Not wanting to put everyone to sleep, I grouped the “Connection Materials.” The zippers, snaps, cinch cords, attachment loops – all of these are high quality and well made like the rest of the quit. Even the durable material used to stabilize the snaps illustrates Katabatic's attention to detail.
Katabatic Flex 22 Quilt Review – Final Thoughts
I really can't say enough good things about the Katabatic Flex 22 Quilt. The quality and workmanship make it far superior to my old quilt. I'm not knocking my old quilt since it was 15 years old! In it's day it was state of the art, and served me well.
A quilt is a quilt though, and while the Katabatic Flex is an excellent sleep system, I'll still take my Feathered Friends Lark 10 Degree sleeping bag when temperatures are consistently below freezing. The quilt eliminates drafts, but I'm a MOVER so there are occasional cool breezes, and when it is 20 degrees it is tough to warm back up.
On a side note…
One thing that helps when it is cold is my Gossamer Gear 1/8 Thinlight Foam Pad. It is too thin for me to sleep on, but at only 2.5 ounces it provides a lot of warmth under my Neoair, and is less expensive than upgrading to another sleeping pad. The Gossamer Pad also helps to keep my Neoair from sliding everywhere since I am a rotisserie sleeper.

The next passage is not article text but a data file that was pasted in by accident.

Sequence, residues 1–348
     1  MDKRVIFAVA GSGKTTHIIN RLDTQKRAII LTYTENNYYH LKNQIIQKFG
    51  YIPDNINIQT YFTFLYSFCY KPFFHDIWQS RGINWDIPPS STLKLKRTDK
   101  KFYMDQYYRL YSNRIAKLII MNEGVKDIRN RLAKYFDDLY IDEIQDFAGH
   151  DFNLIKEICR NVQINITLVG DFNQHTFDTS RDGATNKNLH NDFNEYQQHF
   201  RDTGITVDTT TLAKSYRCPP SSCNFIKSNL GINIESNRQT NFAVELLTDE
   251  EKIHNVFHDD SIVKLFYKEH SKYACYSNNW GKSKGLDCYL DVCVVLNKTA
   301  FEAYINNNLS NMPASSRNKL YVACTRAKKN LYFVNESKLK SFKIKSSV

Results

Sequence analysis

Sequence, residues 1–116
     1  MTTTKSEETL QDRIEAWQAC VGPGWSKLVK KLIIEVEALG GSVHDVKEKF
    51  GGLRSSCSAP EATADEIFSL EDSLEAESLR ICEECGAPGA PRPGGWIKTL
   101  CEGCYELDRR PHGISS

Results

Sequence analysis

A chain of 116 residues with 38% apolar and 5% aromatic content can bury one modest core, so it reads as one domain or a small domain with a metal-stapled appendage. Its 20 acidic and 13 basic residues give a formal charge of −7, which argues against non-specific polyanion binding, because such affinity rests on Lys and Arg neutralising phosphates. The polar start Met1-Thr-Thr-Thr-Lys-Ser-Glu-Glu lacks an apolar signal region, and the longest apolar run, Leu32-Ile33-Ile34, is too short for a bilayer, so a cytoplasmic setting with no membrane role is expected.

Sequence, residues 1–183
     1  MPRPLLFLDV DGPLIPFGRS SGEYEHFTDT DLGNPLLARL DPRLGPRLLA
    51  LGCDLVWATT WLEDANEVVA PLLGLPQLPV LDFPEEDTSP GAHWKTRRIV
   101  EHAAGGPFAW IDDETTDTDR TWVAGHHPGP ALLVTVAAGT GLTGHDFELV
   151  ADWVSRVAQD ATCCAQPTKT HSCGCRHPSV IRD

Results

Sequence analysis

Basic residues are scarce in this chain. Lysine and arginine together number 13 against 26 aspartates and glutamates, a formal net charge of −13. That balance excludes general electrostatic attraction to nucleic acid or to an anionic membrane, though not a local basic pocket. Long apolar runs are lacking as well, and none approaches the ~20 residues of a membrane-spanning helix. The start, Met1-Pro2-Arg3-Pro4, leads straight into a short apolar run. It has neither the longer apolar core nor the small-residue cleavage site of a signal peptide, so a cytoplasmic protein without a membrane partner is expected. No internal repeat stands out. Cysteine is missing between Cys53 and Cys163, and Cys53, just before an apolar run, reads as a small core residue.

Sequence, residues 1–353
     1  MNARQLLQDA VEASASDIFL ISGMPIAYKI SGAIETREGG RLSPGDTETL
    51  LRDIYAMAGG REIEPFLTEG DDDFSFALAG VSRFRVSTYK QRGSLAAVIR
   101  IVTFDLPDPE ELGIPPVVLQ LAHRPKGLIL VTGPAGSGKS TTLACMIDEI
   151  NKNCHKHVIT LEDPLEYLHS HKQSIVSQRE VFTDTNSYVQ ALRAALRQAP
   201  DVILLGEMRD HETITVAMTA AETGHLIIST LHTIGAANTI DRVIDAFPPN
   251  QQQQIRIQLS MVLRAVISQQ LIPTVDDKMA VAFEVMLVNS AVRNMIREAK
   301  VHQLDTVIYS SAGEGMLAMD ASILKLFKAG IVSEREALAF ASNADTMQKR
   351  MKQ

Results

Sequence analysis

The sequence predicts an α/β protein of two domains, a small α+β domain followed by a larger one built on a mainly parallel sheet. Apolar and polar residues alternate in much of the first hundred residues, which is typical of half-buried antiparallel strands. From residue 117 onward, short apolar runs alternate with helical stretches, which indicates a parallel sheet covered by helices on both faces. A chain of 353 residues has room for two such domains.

- Quality – a well thought out quilt that does not cut any corners in it's workmanship.
- The Sleeping Pad Attachment System works well in minimizing cold drafts and is easy to use.
- The temperature rating is true to the quilt's rating, which is not always the case with sleep systems. This is relative though since my range is 10 degrees, meaning if it says 22 degrees then I am comfortable down to about 32 degrees.
- The quilt compresses quite well. My backpack has gotten smaller, so this compression is helpful when trying to fit five days of food, or a heavy water carry in my backpack.
- The cinch strap on the draft collar is in an irritating location. I'm not really sure I should put this in the “Cons” column since it is so minor.
- Like most ultra-light gear, this quilt is not inexpensive. It is so well made though, that it should last for many years if you take care of it.
- At the end of the day it is still a quilt, and when it is cold I still get a few cold spots. I think I might be an exceptional rotisserie sleeper though.
Based on the seasons, temperatures and performance, if everything works out, I'll take the Katabatic Flex 22 Quilt on the Colorado Trail this year. My Feathered Friends Lark will be going on the Arizona Trail later in the Fall.
I talk about my decision process around whether I use a Sleeping Bag or Quilt in a prior post. The Colorado Trail get's cold no matter the time of year, but I expect the AZT to be even colder in November at certain elevations.